11 August 2011

Everything = Nothing

One of the complaints I have with modern astrology is the idea that if something is out there, then it MUST be astrologically significant. In the last two centuries, the discovery of the unseen planets Uranus, Neptune and (now "dwarf planet") Pluto haphazardly into the system of astrology has given modern astrologers tacit permission to include anything floating around the Sun in their astrology charts.

In the early part of the twentieth century, especially between the two world wars, systems of astrology were developed that even included hypothetical planets. These were added to the asteroids -- which began with the four first discovered, but now includes thousands -- as well as to the comet Chiron (discovered in 1977), the anticipated planet Vulcan (proven not to exist, but still included by some), other, newer hypothetical bodies (Lilith, aka the Black Moon), more mathematical points (East Point, Vertex, etc.), and so forth.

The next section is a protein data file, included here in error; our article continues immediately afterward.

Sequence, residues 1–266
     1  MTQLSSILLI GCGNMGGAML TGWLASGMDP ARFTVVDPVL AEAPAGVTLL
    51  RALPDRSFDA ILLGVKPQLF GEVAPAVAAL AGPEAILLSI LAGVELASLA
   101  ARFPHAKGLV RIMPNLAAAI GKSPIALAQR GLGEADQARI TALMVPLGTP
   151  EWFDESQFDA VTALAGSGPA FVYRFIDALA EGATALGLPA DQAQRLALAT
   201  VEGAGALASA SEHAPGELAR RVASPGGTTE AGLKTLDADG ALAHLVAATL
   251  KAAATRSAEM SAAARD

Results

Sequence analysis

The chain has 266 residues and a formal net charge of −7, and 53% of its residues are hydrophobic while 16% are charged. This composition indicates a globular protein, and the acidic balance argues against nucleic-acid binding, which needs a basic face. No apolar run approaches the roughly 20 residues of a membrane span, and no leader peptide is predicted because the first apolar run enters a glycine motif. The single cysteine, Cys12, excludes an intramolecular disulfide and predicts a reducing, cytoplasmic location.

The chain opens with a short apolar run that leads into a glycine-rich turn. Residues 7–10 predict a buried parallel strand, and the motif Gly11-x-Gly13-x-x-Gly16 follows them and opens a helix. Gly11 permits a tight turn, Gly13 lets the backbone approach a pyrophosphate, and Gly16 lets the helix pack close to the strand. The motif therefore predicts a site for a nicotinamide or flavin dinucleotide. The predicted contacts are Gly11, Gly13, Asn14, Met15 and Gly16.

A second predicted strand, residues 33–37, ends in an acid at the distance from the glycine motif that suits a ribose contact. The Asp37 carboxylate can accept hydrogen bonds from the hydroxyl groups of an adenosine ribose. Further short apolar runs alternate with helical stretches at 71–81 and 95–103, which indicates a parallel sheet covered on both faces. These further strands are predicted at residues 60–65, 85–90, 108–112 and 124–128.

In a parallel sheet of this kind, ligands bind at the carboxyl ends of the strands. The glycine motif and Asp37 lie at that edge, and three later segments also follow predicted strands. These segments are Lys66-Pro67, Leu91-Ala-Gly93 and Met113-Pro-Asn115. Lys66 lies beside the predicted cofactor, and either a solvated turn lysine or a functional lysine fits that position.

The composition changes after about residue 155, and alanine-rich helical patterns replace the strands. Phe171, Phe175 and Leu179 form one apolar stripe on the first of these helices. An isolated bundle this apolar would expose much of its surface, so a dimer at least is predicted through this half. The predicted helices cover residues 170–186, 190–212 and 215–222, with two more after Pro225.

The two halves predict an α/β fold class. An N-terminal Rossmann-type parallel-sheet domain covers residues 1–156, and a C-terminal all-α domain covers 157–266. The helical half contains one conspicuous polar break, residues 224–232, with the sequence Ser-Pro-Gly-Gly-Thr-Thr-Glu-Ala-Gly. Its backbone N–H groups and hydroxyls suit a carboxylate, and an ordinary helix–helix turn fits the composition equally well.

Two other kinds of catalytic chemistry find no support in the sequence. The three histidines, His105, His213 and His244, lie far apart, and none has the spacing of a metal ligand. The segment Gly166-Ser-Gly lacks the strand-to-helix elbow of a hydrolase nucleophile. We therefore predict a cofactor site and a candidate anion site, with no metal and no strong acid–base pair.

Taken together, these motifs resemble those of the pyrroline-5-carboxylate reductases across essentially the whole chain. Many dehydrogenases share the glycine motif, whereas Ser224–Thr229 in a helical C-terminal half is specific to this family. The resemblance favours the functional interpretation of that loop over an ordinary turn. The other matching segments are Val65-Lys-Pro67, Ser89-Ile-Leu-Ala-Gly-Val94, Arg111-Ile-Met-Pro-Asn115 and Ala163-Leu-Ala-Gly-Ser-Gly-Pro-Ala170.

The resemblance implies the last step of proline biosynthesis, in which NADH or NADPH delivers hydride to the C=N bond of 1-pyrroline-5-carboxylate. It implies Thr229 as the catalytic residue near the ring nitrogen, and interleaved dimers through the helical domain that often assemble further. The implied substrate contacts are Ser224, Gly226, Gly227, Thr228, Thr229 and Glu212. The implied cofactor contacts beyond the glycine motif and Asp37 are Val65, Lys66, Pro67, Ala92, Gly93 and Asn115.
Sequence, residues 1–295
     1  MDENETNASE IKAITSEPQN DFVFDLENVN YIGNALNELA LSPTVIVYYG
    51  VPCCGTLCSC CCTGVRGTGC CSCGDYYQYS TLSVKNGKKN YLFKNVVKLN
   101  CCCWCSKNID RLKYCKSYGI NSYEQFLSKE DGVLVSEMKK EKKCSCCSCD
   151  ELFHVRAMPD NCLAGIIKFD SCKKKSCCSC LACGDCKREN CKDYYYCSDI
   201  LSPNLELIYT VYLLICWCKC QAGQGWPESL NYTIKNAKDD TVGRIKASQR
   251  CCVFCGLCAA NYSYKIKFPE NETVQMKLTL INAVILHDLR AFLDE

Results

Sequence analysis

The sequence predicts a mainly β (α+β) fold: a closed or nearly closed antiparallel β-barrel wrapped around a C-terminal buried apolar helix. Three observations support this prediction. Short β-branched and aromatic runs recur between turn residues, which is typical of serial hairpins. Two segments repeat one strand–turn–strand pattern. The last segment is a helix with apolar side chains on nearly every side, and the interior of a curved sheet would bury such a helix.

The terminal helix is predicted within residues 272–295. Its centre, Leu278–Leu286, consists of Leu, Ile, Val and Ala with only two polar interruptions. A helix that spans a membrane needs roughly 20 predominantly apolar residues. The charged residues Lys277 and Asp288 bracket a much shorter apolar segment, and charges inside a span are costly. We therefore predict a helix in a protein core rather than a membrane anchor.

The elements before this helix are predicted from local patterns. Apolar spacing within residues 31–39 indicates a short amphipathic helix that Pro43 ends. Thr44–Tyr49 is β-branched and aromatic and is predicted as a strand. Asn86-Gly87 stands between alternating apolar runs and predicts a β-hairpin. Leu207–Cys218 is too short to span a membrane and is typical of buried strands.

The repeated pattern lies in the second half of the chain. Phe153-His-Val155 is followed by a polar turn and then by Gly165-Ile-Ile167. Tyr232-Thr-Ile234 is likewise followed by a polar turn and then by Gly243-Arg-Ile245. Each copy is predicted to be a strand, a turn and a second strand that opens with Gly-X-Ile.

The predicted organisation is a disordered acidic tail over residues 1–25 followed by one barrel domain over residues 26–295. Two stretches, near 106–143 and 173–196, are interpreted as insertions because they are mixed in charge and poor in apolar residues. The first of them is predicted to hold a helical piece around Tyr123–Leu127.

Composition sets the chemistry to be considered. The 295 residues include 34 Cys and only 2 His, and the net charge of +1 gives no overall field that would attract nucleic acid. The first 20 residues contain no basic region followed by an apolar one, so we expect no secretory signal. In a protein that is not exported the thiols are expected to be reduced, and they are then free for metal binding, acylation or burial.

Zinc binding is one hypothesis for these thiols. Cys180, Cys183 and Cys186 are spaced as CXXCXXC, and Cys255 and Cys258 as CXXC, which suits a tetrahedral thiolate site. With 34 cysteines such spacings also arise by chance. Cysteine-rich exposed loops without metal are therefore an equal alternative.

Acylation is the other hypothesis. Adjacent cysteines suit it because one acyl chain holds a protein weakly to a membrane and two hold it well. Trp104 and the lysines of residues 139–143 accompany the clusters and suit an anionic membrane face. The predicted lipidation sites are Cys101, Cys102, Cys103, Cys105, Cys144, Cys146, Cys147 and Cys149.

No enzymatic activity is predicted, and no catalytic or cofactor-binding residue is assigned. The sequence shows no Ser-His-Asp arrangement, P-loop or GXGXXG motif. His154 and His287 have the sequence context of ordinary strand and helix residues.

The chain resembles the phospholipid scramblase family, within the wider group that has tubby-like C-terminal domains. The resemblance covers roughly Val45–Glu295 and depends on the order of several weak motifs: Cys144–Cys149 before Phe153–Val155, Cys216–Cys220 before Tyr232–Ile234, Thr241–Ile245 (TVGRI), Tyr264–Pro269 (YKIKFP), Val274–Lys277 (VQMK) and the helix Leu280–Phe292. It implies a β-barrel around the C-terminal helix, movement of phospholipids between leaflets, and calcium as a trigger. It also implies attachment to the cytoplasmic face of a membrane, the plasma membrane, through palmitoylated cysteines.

Now let me say that I don't believe that any of these real points (I'm not counting they hypotheticals here) have nothing to say at all about astrology. On some level, everything is connected. But much of it is coincidental, and the rest of it is less-than-significant. For example, whether the asteroid Eros is crossing my midheaven on the day I get married is not really all that useful in terms of predicting when I might get married, to whom, what kind of relationship the marriage will be, etc.